Chef Javier Wong is another friend of Acurio’s: He runs Chez Wong, a cevicheria, out of his home. Everyone gets the same first dish—a bracingly fresh ceviche of octopus, caught by Wong’s friends that day. “For the second course, he looks at you and decides what you should have,” Acurio says. We watched him make a stir-fry of more sole and some mystery ingredients. “Was that Coca-Cola he just poured in the wok?” I asked. “Let me check,” Acurio said. Walking back from the small kitchen, he confirmed: “Yes, it was Coca-Cola—in honor of the American guest.”
The most interesting place Acurio took me—and the one most indicative of his mission—wasn’t a restaurant. On my final morning in Lima, we drove an hour-and-a-half north of the city to a shantytown called Pachacutec, where wild dogs stood in the dirt road. After the corrugated metal houses faded away, we came to a few new, single-story brick buildings near the ocean. This is the world’s most unlikely cooking school, co-sponsored by Acurio; each day, kids walk miles to learn a trade that they hope will take them away from Pachacutec. In a well-lit room, serious young students whipped up elaborate puddings and fried donuts. They fed me and thanked me for visiting. It was an uplifting place and a reminder that change depends on providing an education you can’t get from cooking shows.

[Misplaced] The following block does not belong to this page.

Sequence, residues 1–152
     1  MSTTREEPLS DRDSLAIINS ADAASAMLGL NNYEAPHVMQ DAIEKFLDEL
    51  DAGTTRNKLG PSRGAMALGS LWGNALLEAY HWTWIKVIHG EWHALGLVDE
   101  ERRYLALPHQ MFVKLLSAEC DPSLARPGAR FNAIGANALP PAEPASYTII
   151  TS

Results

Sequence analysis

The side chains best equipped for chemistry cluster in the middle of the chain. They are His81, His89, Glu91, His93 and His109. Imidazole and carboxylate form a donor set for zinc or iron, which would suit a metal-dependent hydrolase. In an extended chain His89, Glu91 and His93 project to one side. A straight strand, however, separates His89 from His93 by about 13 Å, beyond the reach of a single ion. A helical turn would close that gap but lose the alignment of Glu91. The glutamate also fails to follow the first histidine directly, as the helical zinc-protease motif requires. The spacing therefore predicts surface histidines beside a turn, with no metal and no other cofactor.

“I’m part of a movement of Peruvian cooks who believe we have bigger responsibilities than cooking,” says Acurio. I wonder if he wouldn’t rather be French or Italian, working within an established tradition without having to sell the world on the merits of his home cuisine. “I have my dream of a small restaurant in the country. Three hotel rooms, 40 people at dinner. My own farmers producing for it, and then sharing the profits with them.” It’s a dream his friends all share, Acurio explains. “And we said that it’s something we have to earn. The dream can wait for retirement.”